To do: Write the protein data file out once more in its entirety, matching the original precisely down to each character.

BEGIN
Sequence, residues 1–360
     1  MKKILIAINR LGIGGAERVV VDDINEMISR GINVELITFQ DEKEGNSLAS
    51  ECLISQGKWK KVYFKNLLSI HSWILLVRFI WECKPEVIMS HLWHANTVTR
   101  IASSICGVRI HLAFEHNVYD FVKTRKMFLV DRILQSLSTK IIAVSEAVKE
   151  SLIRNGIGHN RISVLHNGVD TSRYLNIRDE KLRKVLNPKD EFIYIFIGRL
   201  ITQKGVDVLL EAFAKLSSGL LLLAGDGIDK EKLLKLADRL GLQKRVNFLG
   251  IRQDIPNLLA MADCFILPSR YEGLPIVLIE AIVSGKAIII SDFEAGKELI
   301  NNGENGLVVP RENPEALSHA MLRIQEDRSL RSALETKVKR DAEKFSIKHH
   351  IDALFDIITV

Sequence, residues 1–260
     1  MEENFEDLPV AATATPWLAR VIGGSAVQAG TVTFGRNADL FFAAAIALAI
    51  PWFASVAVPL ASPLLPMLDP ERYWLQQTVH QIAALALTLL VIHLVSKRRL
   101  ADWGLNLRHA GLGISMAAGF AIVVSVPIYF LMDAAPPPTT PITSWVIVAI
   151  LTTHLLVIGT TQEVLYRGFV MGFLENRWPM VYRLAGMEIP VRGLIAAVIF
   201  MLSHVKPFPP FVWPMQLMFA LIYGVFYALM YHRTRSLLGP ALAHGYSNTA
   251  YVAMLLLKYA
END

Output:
Sequence, residues 1–360
     1  MKKILIAINR LGIGGAERVV VDDINEMISR GINVELITFQ DEKEGNSLAS
    51  ECLISQGKWK KVYFKNLLSI HSWILLVRFI WECKPEVIMS HLWHANTVTR
   101  IASSICGVRI HLAFEHNVYD FVKTRKMFLV DRILQSLSTK IIAVSEAVKE
   151  SLIRNGIGHN RISVLHNGVD TSRYLNIRDE KLRKVLNPKD EFIYIFIGRL
   201  ITQKGVDVLL EAFAKLSSGL LLLAGDGIDK EKLLKLADRL GLQKRVNFLG
   251  IRQDIPNLLA MADCFILPSR YEGLPIVLIE AIVSGKAIII SDFEAGKELI
   301  NNGENGLVVP RENPEALSHA MLRIQEDRSL RSALETKVKR DAEKFSIKHH
   351  IDALFDIITV

Sequence, residues 1–260
     1  MEENFEDLPV AATATPWLAR VIGGSAVQAG TVTFGRNADL FFAAAIALAI
    51  PWFASVAVPL ASPLLPMLDP ERYWLQQTVH QIAALALTLL VIHLVSKRRL
   101  ADWGLNLRHA GLGISMAAGF AIVVSVPIYF LMDAAPPPTT PITSWVIVAI
   151  LTTHLLVIGT TQEVLYRGFV MGFLENRWPM VYRLAGMEIP VRGLIAAVIF
   201  MLSHVKPFPP FVWPMQLMFA LIYGVFYALM YHRTRSLLGP ALAHGYSNTA
   251  YVAMLLLKYA